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About TenNeon

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  1. Good Mining Practice

    If you use it correctly, the propick can let you zero in on clusters with alarming precision. This is a more specific version of what danagor was describing: Get your first reading of a vein.Pick a direction at random and dig that way, checking for readings every few blocks. If your readings get stronger, keep going until they get weaker.When the readings get weaker, stop and mark it off. I usually mark the boundary between "traces" and "nothing of interest found".Turn around and go in the opposite direction until you find a similar boundary.Count the number of blocks between your markers. Walk to the halfway point and start two tunnels perpendicular to your first one. (you're making a '+')Find two more edges of the vein with these tunnels using steps 3-4.Find the center using the method in step 5. The vein is now either above you or below you.Dig shafts/stairways up and down from this new center. If your propick gives you a boundary between traces and nothing, then the vein is in the opposite direction.Congratulations, ore! Unless you've been chasing some mineral.Obviously if you hit the vein before completing these steps, then you don't have to keep going through it. I frequently hit the vein at step 7.One warning to consider is that this method can be thrown off by the presence of multiple veins of the same ore in a small area. If you establish a "center" across all three dimensions and find no ore there, you might be near two veins. I've not yet had this happen, so I don't have a plan for dealing with it.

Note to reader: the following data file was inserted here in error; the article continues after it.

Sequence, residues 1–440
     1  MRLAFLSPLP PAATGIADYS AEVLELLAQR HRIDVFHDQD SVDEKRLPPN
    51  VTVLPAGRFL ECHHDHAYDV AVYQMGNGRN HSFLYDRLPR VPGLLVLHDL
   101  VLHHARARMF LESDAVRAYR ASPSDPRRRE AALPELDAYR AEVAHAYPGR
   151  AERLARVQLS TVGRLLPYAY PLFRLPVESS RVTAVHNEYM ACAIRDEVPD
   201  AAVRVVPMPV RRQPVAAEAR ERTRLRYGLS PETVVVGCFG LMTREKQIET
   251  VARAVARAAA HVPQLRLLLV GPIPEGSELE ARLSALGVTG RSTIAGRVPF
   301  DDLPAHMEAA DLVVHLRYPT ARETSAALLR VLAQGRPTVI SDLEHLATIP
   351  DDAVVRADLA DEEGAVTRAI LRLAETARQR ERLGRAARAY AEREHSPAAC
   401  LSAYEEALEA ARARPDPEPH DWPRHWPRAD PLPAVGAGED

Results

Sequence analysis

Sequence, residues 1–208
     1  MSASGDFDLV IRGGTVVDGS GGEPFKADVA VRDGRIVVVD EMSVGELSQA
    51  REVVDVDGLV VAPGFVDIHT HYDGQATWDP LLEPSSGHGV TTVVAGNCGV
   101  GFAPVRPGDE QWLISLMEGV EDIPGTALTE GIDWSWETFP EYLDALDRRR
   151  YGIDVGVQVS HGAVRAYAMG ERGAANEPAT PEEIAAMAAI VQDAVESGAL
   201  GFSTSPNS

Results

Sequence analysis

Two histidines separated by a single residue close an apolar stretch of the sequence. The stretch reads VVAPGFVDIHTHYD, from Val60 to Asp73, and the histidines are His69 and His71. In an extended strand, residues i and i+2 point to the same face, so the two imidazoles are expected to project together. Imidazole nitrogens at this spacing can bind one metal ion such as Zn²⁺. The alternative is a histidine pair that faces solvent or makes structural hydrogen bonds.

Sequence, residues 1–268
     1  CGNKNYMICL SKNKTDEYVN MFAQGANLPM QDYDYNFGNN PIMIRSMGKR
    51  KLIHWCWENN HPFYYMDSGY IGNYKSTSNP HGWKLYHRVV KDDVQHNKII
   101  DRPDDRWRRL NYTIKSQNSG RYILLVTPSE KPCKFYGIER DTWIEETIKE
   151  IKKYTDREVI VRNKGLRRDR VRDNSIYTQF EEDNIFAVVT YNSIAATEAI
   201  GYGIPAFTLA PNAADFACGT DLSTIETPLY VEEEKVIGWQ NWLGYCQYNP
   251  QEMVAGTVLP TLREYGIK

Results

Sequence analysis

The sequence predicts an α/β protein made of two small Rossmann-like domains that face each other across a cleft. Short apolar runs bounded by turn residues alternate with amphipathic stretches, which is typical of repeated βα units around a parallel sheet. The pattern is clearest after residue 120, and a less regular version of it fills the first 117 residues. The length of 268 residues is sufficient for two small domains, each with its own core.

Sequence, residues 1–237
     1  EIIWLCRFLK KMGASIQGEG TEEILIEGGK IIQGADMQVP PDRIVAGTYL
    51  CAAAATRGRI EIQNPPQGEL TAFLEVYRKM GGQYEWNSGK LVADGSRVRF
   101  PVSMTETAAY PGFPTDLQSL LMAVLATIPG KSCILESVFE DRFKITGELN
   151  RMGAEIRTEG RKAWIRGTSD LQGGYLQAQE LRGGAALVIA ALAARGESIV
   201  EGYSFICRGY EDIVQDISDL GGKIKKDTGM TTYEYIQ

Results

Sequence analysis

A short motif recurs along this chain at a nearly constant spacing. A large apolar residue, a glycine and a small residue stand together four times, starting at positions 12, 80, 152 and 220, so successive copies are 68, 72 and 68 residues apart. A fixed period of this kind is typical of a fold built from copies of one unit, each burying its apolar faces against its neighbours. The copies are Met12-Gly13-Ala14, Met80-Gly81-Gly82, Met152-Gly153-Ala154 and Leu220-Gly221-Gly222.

2. Apperently flowing water

    Vanilla Minecraft lacks finite water for reasons that have nothing to do with it being difficult for people's machines. Minecraft in pre-Infdev had finite water and it worked fine- the problem was that it doesn't play nice with infinite worlds. (Pre infdev (called Indev), Minecraft worlds were small and finite.) When the idea of chunks was implemented, Notch had to deal with how water flowed when the entire body of water wasn't loaded into memory. If you have a few chunks of an ocean loaded, and you drain that area, how does the game know that more water can flow in from the unloaded chunks? One solution is to ignore the fact that the body of water has more water in the unloaded chunks; upside- conservation of mass, downside: waves of water whenever you load a chunk that has a higher water level than the one you just drained. I believe Terraria uses this finite water model (however, it still has problems with water duplication resulting from the imprecise way water volumes are stored.) Another solution is to assume that neighboring chunks with water have infinite water, keeping you from having these big waves of water whenever you load a chunk that has a higher water level. The downside of course is that the water level will inevitably start to rise as more water is added to the world. What Notch decided to do was split water into "flowing water" and "source blocks"- the infinite water model. This has the advantage of not caring at all what an unloaded chunk's water level is. The other advantage is that it makes water more "gamey"- you can sculpt it, carry it around, add or remove streams without having to do hundreds of trips with a bucket. You can also have continuous waterfalls and fountains without a more complex water cycle happening in the background- this was seen as a major advantage back in the day.